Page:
Intro to WebSockets


Published on

  • Be the first to comment

No Downloads
Total Views
On Slideshare
From Embeds
Number of Embeds
Embeds 0
No embeds

No notes for slide

Intro to WebSockets

  1. 1. WebSocketsA quick tour and demo<br />Gaurav Oberoi<br />Dec 18, 2010 - Chennai Geeks<br />
  2. 2. Who am I?<br />Entrepreneur: started and sold 2 companies<br />BillMonk (consumer)<br />Precision Polling (SaaS)<br />Programmer, Product Manager:<br />Amazon, Obopay, Xmarks, SurveyMonkey<br />General geekery:<br />Seattle Tech Startups founder (~2200 member list)<br />TechStars mentor, advisor to startups<br />
  3. 3. What is this talk about?<br />What are WebSockets?<br />Why do we need them?<br />How do we use them?<br />What limitations do they have?<br />
  4. 4. Disclaimer<br />Haven’t deployed production code using WebSockets.<br />Not an expert!<br />
  5. 5. What are WebSockets?<br />+<br />= ?<br />
  6. 6. According to the textbook:<br />WebSocket is a technology for providing bi-directional full duplex communication channels over a single TCP socket.<br />Ahem…<br />
  7. 7. Put simply, WebSockets:<br />Are a new feature in HTML5 (draft) that let you stream data to and from web browsers.<br />
  8. 8. For comparison:<br />Here’s good ol’ HTTP request and response:<br />GET /index.html<br />200 OK (...)<br />With sockets, send data back and forth anytime:<br />
  9. 9. More juicy details<br />New protocol (ws:// and wss://)<br />W3C and IETF standard<br />Currently a draft, more on this later<br />Uses ports 80 and 443<br />443 recommended for proxy traversal<br />Starts as HTTP, then switches to WS<br />Supports >1 connections over 1 TCP socket<br />
  10. 10. More juicy details: the handshake<br />Client sends:<br />Server responds:<br />
  11. 11. Yawn…<br />… so why do we need WebSockets?<br />
  12. 12. 2 good reasons<br />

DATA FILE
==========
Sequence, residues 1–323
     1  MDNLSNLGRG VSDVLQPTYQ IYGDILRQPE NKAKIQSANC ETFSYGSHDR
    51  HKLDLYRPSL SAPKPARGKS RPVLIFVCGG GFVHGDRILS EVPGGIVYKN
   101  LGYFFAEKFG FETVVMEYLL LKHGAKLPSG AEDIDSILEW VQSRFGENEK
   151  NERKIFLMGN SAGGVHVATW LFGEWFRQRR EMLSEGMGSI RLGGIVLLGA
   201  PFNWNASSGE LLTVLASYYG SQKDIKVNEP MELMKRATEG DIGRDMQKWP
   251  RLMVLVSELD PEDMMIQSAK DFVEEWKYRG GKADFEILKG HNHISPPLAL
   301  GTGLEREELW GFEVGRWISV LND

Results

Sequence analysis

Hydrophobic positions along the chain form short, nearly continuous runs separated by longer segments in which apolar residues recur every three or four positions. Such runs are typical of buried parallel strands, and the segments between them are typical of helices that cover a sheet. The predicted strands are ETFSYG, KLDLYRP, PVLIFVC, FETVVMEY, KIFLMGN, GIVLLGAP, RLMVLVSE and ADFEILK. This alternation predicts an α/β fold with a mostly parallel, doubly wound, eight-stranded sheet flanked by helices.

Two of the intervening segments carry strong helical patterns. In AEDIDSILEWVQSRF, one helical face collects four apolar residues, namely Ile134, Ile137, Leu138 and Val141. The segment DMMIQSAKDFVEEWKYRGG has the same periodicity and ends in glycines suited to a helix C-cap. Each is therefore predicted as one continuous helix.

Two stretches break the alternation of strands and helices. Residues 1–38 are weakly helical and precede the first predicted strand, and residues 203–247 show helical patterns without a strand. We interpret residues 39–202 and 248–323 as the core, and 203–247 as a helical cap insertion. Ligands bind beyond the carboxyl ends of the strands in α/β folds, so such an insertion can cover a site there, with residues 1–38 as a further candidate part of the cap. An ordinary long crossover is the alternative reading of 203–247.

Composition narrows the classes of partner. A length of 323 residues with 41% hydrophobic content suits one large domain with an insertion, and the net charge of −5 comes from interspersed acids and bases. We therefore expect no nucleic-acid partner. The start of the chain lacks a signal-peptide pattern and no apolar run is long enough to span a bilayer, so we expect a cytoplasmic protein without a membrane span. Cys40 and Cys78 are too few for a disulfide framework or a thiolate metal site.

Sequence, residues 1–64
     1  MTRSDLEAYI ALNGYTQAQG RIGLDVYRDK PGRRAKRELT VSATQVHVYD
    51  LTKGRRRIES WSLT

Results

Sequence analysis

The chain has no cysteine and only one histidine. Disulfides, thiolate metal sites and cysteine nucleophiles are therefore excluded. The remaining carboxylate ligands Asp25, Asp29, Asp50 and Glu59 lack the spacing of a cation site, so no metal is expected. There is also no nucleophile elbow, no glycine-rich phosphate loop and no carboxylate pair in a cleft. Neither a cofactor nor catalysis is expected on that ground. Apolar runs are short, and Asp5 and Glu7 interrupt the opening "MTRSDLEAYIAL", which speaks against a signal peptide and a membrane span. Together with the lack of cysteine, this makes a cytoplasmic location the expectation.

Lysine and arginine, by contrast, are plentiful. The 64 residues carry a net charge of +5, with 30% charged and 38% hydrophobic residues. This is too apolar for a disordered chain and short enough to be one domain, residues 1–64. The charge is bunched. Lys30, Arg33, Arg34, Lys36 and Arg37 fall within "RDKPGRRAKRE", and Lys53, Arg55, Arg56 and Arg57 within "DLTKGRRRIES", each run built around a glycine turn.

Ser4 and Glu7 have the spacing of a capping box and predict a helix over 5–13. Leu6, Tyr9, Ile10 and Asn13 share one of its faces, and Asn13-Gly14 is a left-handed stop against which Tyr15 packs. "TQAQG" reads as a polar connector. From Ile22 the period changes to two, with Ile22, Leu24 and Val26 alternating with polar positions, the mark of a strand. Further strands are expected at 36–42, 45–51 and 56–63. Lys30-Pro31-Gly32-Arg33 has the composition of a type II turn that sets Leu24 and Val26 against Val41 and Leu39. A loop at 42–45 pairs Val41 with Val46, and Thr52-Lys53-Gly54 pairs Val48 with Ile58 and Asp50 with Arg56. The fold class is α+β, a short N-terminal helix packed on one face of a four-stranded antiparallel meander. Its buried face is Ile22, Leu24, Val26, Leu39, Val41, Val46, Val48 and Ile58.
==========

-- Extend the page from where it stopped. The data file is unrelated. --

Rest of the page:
13. 13. First: desire for real-time<br />Want low latency 2-way communication for:<br />Gaming (pong)<br />Collaboration (live wikis)<br />Dashboards (financial apps)<br />Tracking (watch user actions)<br />Presence (chat with customer support)<br />More!<br />
  14. 14. Second: HTTP doesn’t deliver<br />People hack around this (see “Comet”)<br />Polling, long-polling, stream via hidden iframe<br />BUT these are slow, complex, and bulky<br />Or rely on plugins:<br />Flash, Silverlight, Java applets<br />BUT these don’t work everywhere (phones)<br />
  15. 15. Damn, this is hairy:<br />Source:<br />
  16. 16. Vs. HTTP hacks, Websockets provide:<br />Lower latency: no new TCP connections for each HTTP request<br />Lower overhead: for each message sent(2 bytes vs. lines of HTTP header junk)<br />Less traffic: since clients don’t need to poll, messages only sent when we have data<br />
  17. 17. How do we use WebSockets?<br />
  18. 18. What you’ll need:<br />WebSockets compliant browser<br />WebKit: Chrome, Safari (works on iOS)<br />Client Javascript API<br />Server-side API<br />
  19. 19. Client API in Javascript<br />Initialize:<br />varws = new WebSocket(“ws://”)<br />Send data:<br />send(data)<br />Event-handlers:<br />onopen<br />onmessage<br />onclose<br />onerror<br />
  20. 20. Server-side API<br />Threaded servers can be used but not recommended:<br />1 thread/process per socket  memory hog!<br />Evented-servers are ideal:<br />1 process handles all requests<br />Waits for I/O before processing requests (reactor pattern)<br />Suggested servers:<br />Ruby: Event Machine + em-websocket<br />Javascript: Node.js + WebSocket module<br />Python: Twisted + txWebSocket<br />
  21. 21. DEMO TIME!<br />
  22. 22. What limitations do WebSockets have?<br />
  23. 23. First, the big ones<br />Not all browsers support them<br />No support in Firefox 4, IE9, Opera<br />So you need to fallback to something that works<br />See Socket.IO: client and server library for graceful fallback<br />Draft spec in jeopardy after Dec 8 security announcement by Mozilla<br />Security vulnerabilities with transparent proxies<br />Not caused by WebSockets, but they expose issue<br />My guess: we’ll get by this with some spec changes<br />
  24. 24. And the other things<br />WebSockets need maintenance and care:<br />Re-open connif network hiccup or timeout<br />Back off if server is down, don’t keep trying<br />Keep alive if your connection times out<br />Buffer and re-send msgs in the above cases<br />My guess: libraries will fill in these gaps<br />
  25. 25. In Conclusion<br />WebSockets == “TCP for the Web”<br />Easy JS library, evented-servers on the back<br />Not prod ready, but soon (fingers crossed)<br />Check out some demos:<br /><br />
  26. 26.<br />